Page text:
So far this year more than 230 women have lost their lives in Turkey due to gender-based violence.
Turkey’s Interior Minister, Süleyman Soylu, gave an answer this week to abusive men who use violence against their wives, their mothers, their daughters, their sisters or other women, in a year in which 234 women have died in Turkey as a result of gender-based violence from January 1 to November 20.
“I am addressing men. Come to your senses. You may be physically stronger than women, but this is a shame for all of you. I don’t know what are you trying to prove,” declared the minister on Monday during a conference on domestic violence and the gender-based violence pronounced in Ankara before members of the police.
The minister underlined that the government continues to make efforts to tackle the problem of sexist violence, including changes in regulations and more training and authority for the local police to act in cases of gender violence. In this sense, Soylu highlighted that 3,000 policewomen have been recruited exclusively to improve communication with victims of gender-based violence.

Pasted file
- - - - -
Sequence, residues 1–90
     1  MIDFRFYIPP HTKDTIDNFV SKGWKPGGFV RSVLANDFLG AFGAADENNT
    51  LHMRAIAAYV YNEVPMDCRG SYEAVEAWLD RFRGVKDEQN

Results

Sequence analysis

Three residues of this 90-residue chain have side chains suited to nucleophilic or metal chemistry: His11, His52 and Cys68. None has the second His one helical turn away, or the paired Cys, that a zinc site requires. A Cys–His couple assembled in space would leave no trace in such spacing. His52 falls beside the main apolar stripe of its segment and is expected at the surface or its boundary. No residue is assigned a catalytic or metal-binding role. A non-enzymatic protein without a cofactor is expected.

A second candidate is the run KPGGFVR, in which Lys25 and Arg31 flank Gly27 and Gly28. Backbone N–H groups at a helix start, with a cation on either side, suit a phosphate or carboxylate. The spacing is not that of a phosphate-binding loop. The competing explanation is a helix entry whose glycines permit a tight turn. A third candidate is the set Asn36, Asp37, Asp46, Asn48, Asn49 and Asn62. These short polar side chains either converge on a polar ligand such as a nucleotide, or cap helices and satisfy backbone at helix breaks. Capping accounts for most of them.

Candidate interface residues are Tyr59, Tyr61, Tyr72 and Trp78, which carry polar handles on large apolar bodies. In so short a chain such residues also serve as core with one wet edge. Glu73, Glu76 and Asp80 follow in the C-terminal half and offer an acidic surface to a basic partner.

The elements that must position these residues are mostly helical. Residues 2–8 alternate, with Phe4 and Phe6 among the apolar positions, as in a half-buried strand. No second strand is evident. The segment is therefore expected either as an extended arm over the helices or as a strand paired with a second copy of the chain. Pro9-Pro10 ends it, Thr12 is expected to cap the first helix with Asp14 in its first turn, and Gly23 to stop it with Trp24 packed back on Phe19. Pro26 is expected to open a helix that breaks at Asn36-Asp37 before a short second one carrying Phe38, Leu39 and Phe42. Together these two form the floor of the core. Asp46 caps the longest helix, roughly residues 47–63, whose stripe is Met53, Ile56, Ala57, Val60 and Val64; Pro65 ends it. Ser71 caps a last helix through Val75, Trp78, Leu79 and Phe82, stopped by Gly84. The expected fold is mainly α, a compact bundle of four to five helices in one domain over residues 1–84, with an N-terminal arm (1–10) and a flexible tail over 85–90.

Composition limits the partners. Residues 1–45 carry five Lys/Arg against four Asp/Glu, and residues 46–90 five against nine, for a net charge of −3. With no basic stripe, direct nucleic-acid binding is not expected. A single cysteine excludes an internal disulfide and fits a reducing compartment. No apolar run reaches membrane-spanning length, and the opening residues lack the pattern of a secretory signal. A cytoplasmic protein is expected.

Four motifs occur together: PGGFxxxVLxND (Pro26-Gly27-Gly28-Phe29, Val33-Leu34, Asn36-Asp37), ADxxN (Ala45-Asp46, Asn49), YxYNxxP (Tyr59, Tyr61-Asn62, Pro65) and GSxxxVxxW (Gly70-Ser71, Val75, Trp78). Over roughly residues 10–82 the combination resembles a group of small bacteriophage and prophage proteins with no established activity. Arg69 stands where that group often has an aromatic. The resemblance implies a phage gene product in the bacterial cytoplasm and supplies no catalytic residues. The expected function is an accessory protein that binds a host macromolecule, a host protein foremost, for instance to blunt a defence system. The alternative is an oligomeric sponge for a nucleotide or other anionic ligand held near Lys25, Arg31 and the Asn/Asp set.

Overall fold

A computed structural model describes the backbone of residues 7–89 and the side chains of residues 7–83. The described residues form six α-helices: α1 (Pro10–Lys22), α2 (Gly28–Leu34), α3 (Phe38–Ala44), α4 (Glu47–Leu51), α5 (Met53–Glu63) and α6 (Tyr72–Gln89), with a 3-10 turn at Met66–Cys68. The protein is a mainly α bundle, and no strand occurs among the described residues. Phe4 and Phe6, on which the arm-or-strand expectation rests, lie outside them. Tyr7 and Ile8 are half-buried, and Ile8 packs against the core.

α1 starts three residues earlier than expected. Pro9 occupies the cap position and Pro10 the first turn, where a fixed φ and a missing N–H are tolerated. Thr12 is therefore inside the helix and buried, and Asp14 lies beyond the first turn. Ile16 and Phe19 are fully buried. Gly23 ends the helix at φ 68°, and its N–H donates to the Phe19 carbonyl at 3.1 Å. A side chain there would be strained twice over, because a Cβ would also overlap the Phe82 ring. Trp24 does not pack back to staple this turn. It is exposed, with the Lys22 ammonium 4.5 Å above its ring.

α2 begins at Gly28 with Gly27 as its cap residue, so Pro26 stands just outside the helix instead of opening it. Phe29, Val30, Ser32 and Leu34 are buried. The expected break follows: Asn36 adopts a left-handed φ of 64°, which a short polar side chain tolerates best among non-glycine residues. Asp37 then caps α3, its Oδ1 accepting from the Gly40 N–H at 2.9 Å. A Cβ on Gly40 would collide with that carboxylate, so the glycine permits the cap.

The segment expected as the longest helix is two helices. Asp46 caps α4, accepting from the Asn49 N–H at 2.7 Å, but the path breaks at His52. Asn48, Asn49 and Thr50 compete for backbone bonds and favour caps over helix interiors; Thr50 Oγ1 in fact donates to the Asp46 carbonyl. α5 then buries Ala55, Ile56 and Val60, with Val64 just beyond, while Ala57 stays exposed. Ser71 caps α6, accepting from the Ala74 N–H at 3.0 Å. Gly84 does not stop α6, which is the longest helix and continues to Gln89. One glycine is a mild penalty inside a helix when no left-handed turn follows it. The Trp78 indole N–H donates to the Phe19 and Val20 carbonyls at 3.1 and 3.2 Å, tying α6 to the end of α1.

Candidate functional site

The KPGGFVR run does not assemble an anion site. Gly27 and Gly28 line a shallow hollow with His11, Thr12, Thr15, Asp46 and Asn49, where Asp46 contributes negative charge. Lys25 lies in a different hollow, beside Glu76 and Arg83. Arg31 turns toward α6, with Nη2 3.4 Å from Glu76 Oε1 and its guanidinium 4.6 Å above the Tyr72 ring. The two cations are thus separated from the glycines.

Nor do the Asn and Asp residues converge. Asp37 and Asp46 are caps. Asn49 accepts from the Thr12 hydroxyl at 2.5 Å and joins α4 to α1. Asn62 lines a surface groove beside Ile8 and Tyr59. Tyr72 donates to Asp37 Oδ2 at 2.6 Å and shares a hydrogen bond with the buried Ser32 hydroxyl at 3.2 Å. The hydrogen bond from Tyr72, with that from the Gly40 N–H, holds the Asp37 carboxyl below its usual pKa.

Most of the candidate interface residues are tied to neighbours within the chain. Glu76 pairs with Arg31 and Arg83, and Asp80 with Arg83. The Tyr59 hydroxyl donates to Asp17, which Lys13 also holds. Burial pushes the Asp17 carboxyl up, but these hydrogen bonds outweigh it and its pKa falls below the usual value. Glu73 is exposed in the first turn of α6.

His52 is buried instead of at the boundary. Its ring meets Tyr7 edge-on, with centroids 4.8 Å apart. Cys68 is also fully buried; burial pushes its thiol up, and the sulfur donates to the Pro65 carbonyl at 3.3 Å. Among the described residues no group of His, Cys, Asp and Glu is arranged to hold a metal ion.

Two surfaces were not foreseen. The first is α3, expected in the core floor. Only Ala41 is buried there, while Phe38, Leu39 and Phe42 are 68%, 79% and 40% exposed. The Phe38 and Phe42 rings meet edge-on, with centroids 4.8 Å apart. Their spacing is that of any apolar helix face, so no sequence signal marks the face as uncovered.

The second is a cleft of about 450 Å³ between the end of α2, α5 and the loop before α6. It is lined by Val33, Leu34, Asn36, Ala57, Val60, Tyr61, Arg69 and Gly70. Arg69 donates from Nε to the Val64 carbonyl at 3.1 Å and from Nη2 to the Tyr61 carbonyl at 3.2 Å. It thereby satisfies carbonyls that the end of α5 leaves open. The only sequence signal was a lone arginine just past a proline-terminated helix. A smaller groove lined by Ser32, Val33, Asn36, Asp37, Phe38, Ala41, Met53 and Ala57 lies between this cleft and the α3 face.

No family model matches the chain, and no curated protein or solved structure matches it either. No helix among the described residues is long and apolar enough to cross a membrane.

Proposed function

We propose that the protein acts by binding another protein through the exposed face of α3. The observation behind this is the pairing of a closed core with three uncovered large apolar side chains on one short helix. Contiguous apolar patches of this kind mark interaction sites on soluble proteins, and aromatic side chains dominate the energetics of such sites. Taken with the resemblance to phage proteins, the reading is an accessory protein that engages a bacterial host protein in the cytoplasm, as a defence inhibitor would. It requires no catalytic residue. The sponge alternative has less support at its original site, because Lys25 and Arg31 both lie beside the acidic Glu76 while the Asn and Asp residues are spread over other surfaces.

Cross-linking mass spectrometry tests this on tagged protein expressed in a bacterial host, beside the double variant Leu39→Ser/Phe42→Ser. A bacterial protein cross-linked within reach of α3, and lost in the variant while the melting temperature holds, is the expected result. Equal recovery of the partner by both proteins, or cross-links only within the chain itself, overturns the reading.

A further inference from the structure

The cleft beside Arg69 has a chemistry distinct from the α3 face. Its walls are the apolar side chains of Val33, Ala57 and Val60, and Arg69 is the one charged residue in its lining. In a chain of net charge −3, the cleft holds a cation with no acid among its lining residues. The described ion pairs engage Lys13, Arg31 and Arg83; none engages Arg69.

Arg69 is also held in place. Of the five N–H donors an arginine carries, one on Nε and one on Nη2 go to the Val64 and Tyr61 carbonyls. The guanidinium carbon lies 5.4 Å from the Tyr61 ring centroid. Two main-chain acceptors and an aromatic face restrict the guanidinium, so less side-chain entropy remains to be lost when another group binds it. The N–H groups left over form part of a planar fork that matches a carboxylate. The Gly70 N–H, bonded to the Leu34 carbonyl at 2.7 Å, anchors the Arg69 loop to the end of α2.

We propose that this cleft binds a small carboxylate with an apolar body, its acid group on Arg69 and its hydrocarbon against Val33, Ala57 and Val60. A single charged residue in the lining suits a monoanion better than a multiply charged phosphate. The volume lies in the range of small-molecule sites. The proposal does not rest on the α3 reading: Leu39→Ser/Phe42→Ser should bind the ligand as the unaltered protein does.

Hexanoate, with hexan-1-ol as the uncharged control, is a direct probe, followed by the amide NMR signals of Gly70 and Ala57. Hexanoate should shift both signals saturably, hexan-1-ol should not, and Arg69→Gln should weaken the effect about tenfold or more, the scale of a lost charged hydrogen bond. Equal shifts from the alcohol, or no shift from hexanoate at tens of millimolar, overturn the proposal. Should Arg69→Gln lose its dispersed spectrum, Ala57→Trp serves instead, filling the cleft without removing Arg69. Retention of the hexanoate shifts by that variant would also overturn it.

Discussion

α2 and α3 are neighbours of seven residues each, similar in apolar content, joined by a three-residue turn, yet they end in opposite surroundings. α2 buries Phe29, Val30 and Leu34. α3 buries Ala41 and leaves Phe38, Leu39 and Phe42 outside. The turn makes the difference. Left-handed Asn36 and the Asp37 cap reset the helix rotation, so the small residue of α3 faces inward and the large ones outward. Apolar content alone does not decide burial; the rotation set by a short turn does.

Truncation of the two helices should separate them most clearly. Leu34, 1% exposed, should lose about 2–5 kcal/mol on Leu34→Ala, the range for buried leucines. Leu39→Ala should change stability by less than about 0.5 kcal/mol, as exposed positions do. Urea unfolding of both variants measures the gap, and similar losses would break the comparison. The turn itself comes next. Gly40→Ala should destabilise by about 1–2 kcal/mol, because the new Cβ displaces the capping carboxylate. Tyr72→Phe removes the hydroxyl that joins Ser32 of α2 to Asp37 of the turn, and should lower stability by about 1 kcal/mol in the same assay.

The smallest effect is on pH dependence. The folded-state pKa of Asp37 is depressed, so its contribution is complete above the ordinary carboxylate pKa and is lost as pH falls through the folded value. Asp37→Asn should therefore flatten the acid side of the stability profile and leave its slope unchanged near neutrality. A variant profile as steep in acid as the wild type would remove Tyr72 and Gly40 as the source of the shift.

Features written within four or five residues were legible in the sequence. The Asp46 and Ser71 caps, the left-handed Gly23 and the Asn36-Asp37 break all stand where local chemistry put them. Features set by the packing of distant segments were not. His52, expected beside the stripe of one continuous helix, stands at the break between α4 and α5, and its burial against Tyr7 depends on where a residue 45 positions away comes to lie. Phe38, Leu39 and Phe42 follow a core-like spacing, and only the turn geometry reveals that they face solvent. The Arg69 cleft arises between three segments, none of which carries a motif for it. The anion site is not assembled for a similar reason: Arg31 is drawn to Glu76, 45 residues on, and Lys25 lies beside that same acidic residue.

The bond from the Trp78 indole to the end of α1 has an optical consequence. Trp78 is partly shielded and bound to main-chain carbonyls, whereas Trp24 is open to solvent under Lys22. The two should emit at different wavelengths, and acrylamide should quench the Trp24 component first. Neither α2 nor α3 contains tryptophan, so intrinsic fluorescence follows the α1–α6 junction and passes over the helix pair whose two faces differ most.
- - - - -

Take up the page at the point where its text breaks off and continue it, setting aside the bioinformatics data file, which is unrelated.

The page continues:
A new danger for women: digital violence
Some experts in Turkey warn about a new form of gender-based violence: digital violence, which uses social media and which especially affects women between 18 and 24 years old. Some studies claim that women are 27 times more at risk of digital violence than men. This type of violence sometimes responds to revenge but it can also be a form of harassment, and in not a few cases it leads the victim to suicide.
An important advance against gender-based violence in Turkey has been the introduction of the mobile app KADES, aimed at victims of gender-based violence and which serves as a “panic button” to send an immediate distress signal to security forces in the event of violence or if they feel threatened.
The Turkish Interior Minister said that more than 620,000 people have already downloaded the app, which has issued 48,686 alerts to the police saving many women from their abusers or their murderers. “The response to alerts is 5 minutes at most. KADES has helped us intervene in some 24,000 cases of domestic violence, and has prevented a large number of potential loss of lives,” claimed Soylu.
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As a history lover, Pablo was captivated by Turkey from the first day he visited it in 2006: he got married there, has a house there… and has since become an expert on Turkey’s current affairs. With a long experience in media, he has been at the helm of hispanatolia.com since 2011, and now also of anatoliatoday.com